Monday, January 22, 2007

Evolution of a MMOG

I have been observing World of Warcraft as a social space for over a year.
I have found much to admire in terms of the game’s design and the player culture that has emerged. For those not familiar with WoW, these remarks won’t make much sense. But blogs are about whatever is on the blogger’s mind.

With the expansion (more content added to the existing game) I believe the designers diminished one rich aspect of social life in World of Warcraft. They demoted the great city of Ironforge to an auction house pit stop. Had they replaced Ironforge with a vibrant new social space in Outland, that would have been fine. Instead, Shattrath is a shopping mall gone bad. There is no natural gathering place. You are forced to choose between two opposing factions of the city. Since these factions are mostly about what gear you can work toward, there is no interesting narrative that justifies the fact that you will not always make the same choice as your guildmates and friends, hence you will not see them in Shattrath. Shattrath is simply a place to get business done as quickly as possible. While people would hang out conducting all sorts of activities in the space between the Auction House and Bank in Ironforge, there is no such space in Shattrath.

Furthermore, and it pains me to say this, Shattrath is populated by both Horde and Alliance! After slaying evil forces in deep dungeons, beating back ferocious beasts throughout the land, and encountering worthy opponents in the wilderness encampments of Azeroth, it was always nice to hearth back to Ironforge to be amongst one’s natural allies. Now the game is more focused on the repetitive quests, rep grinding, and so on. The designers believed that people would still go back to Ironforge for the Auction House, and made it easy to get there. What they missed was the diversity of tasks that kept people in Ironforge, giving them an excuse to mingle. It was a village with the butcher, the baker, and the candlestick maker.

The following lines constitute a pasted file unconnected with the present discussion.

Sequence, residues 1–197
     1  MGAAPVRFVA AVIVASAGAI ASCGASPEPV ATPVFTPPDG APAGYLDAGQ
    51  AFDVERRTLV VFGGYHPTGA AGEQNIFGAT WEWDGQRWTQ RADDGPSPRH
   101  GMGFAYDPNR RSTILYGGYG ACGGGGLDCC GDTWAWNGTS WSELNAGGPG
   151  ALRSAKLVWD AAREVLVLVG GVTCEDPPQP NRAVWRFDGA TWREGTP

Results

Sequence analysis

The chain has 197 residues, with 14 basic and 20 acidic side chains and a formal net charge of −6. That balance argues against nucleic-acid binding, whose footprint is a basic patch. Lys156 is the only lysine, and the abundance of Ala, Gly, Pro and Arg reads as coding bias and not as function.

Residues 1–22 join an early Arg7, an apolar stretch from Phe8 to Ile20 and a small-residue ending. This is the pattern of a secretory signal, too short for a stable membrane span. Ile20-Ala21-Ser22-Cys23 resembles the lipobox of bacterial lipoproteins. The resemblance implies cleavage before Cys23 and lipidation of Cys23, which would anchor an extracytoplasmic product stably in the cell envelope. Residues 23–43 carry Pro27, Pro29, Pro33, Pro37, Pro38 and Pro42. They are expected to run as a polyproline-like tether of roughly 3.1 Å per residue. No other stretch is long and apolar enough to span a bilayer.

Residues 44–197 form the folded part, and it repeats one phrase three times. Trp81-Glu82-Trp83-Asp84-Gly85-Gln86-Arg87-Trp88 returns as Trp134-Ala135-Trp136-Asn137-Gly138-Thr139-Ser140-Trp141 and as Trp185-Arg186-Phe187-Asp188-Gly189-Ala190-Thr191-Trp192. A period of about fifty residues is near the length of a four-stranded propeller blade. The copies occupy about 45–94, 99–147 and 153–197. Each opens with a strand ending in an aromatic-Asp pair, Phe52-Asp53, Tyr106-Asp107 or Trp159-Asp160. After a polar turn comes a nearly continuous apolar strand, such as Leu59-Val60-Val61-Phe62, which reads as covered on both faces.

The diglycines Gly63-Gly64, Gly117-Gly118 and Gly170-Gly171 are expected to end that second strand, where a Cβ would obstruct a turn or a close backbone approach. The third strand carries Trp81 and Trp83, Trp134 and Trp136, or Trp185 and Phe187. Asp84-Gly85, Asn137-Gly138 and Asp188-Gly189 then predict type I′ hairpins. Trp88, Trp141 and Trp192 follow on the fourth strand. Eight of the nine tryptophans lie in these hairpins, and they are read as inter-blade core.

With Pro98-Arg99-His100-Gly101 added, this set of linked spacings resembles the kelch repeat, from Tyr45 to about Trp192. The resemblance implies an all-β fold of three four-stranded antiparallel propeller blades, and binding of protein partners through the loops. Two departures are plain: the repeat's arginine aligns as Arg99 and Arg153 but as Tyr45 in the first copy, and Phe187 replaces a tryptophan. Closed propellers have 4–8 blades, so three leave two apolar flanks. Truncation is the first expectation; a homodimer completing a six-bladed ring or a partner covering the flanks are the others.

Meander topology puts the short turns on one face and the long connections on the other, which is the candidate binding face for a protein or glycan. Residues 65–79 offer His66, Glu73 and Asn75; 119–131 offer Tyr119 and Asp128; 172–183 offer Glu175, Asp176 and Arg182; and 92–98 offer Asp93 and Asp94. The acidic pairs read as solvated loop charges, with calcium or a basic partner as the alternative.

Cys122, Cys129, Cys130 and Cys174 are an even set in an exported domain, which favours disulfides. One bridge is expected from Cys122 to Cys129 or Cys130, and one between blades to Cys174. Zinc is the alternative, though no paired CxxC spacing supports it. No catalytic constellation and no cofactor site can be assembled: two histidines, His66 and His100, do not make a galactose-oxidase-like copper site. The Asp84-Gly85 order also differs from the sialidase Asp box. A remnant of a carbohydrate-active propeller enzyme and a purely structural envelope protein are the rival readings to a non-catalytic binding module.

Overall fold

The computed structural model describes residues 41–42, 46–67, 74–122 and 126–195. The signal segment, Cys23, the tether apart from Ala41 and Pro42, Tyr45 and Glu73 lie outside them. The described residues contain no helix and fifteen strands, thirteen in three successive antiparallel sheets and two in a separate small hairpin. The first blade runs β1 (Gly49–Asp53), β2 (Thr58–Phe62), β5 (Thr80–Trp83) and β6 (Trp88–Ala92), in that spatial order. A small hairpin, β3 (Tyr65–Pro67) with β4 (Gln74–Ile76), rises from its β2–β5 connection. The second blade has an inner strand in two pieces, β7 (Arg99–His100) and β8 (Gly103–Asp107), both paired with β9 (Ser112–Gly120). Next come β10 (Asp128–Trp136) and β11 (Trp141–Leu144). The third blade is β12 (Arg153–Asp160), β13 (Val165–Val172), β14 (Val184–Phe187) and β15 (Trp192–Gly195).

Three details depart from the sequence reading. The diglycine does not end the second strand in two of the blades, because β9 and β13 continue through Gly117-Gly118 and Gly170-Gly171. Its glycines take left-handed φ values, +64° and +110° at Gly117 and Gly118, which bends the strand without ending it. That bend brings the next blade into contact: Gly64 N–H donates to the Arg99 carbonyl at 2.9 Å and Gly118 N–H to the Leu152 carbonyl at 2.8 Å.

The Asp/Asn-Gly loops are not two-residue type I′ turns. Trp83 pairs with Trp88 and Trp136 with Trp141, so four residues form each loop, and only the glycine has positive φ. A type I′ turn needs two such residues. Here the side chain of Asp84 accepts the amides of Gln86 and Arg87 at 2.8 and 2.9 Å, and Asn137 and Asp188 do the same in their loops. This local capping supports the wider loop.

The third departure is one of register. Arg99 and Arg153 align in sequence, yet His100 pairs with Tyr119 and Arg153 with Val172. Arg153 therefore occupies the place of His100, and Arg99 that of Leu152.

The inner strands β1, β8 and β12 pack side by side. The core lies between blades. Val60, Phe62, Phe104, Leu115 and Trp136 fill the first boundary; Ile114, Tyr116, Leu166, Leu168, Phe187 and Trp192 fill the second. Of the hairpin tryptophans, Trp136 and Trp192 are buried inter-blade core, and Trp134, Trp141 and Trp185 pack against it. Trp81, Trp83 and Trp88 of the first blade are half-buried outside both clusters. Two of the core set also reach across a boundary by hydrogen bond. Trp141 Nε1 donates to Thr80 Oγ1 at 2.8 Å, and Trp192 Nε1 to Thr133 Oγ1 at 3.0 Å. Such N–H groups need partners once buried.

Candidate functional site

I have much less experience on the Horde side, but Orgrimmar seemed to have a similar feel. It does not have the same gathering space Ironforge does, but there is an area with Auction House, Bank, and so on that was a focus of activity. I haven’t been there since the expansion but I expect it’s the same ghost town Ironforge is.

How can one get so worked up over a video game? Massively multiplayer games are a genuine social space in a world in which taverns, bars, hair salons, and all those other great spots simply do not have the same function they used to. I don’t think there is a one to one correspondence between online games and real world social spaces, but there is one important parallel, namely, a not-work social place for recreation and diversion. It is sad to see something that was working so well in the game messed up for no good reason. All the designers had to do was create a decent couple of capital cities in Outland. Perhaps they themselves had the same nostalgia for Ironforge I have, and they tried to preserve it, rather than having it become an abandoned ruin. It is, however, abandoned.

Just had to get that off my chest about Ironforge (*cries*).

More soon on what I love about Outland!! Outland is spectacular on many ways!